NEW YORK, Oct 14 (IFR) - Morgan Stanley sounded the alarm this week in the CMBS market, saying some recent bonds could lose as much as 8.9% - enough to leave several layers of investors wiped out.
The dire warning underscored that the commercial mortgage bond market is still plagued by some of the same problems that led to a wave of defaults after the last financial crash.
MS analysts said ballooning debt loads, weak property financials and razor-thin returns could lead to devastating losses.
They warned that losses on some bonds sold only two years ago could be as high as 8.9% once wobbling property prices, rising interest rates and tighter credit conditions take hold.
Even in the base-case model, losses could climb to 8% on some of the more aggressive deals, Morgan Stanley said in an open call with market participants on Tuesday.
Those numbers are among the most dire estimates yet for a key asset class that helps fund office towers, hotels, shopping malls and other commercial properties.
Outstanding commercial mortgage debt now stands at US$2.9trn, according to Richard Hill, Morgan Stanley’s head of commercial property debt research.
And refinancing that debt - at likely higher rates - will only add to the sector’s woes.
“There is no more constantly being able to refinance at lower rates,” Hill said on the call.
Many believed the CMBS market had put its worst days behind it, as some US$370bn of new bonds sold since 2013 have in part helped refinance old high-leverage debt with less pricy loans.
Lenders vowed to shun slipshod underwriting, new rules required investors to do their own credit work - rather than rely on rating agency grades - and the hope was things had changed.
“Doing deals in 2012 and 2013, the view was these were very pristine deals that were squeaky clean,” one hedge fund manager told IFR.
“But with the passage of time you are starting to see which deals have weaker properties.”
Deals sold in the shadow of the crash were deemed cleaner because borrowers put more of their own money on the line and credit rating firms required bigger credit cushions to protect from losses.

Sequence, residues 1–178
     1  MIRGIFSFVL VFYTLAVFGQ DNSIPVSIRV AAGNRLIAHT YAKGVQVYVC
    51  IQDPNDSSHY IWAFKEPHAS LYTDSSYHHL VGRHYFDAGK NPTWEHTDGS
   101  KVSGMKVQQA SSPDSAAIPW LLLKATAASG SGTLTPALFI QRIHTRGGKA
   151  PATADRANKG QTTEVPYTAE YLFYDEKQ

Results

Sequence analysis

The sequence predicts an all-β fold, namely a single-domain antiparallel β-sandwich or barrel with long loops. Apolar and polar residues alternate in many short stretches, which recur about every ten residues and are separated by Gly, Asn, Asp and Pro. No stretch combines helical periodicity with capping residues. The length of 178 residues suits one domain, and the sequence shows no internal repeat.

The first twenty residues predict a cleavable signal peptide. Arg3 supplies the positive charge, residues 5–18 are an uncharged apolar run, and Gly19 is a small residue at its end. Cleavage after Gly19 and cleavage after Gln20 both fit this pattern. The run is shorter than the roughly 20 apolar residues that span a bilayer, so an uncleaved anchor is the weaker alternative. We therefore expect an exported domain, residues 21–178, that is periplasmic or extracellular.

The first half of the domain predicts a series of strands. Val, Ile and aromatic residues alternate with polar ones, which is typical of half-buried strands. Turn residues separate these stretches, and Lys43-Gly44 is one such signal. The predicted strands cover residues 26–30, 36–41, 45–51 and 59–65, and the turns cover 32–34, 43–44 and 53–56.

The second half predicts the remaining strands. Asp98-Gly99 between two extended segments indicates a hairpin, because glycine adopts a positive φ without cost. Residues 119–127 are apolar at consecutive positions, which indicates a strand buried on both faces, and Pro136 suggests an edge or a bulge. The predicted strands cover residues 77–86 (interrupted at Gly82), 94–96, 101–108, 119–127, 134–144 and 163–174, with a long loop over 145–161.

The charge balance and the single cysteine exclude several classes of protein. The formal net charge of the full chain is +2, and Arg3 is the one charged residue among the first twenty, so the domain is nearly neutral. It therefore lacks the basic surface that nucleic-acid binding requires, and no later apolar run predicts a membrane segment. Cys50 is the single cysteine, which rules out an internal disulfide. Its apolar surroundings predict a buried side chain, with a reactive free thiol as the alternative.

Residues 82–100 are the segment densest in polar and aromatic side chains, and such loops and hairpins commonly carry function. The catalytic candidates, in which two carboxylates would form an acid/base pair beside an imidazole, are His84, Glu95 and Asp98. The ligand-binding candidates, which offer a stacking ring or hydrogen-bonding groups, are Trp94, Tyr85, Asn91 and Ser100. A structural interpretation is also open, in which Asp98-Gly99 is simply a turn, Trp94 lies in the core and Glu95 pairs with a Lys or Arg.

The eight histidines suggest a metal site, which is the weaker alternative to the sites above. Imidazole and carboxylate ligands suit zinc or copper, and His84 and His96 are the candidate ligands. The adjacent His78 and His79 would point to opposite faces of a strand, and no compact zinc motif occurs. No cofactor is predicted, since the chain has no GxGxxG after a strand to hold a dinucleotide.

But properties have buckled in oil-fracking boom towns, people stopped shopping at many lower-tier malls and a string of major department chains have been shuttering stores.
New York’s Hudson Valley Mall leaned on JC Penney, Macy’s and Sears as their top-roster tenants in late 2010 when Cantor Commercial Real Estate lent US$52.5m against the property, according to bond deal documents.
That trio of anchor tenants is now often seen as the death-knell for any mall, and Kroll Bond Rating Agency is projecting a near US$40m loss on the loan.
Forecasting losses is notoriously difficult, of course, and Morgan Stanley’s latest call is an early warning shot that may be more grim than others.
But JP Morgan last month adjusted its models to better predict fallout on CMBS loans that default, and many in the market think the doomsayers may be right.
“I think 8% is reasonable on some deals,” said an analyst at a rival bank that is also studying potentially higher CMBS losses but has yet to publish its findings.
Jason Callan, the head of structured products at Columbia Threadneedle Investments, told IFR that everyone should be revising their estimates.
He worries that commercial real estate is already late in the cycle, that central bank policies have caused market distortions and that weak malls could inflict major damage on CMBS.
“Now is as good a time as any,” Callan said about the need to study how high losses could climb.
According to Morgan Stanley, the roughly US$500bn CMBS market has already absorbed cumulative losses of 5.6%, which is mostly due to soured loans written before the crash.
The bank said its base-case average for losses across bonds sold in the past six years is now 4.6%, with 2010 deals at a lower 3.6% average range and 2014 deal at a higher 6.1% average.
To put the figures into a broader context, a 4.6% loss to a typical CMBS deal would nearly wipe out the entire bottom 5% of bonds that some investors plan to keep to satisfy risk retention rules that take hold later this year.
“Our intention was not to say: this is the end-all, be-all. It’s a starting place,” Morgan Stanley’s Hill said on the conference call.
“Not everyone agrees with the findings.” (Reporting by Joy Wiltermuth; Editing by Natalie Harrison and Marc Carnegie)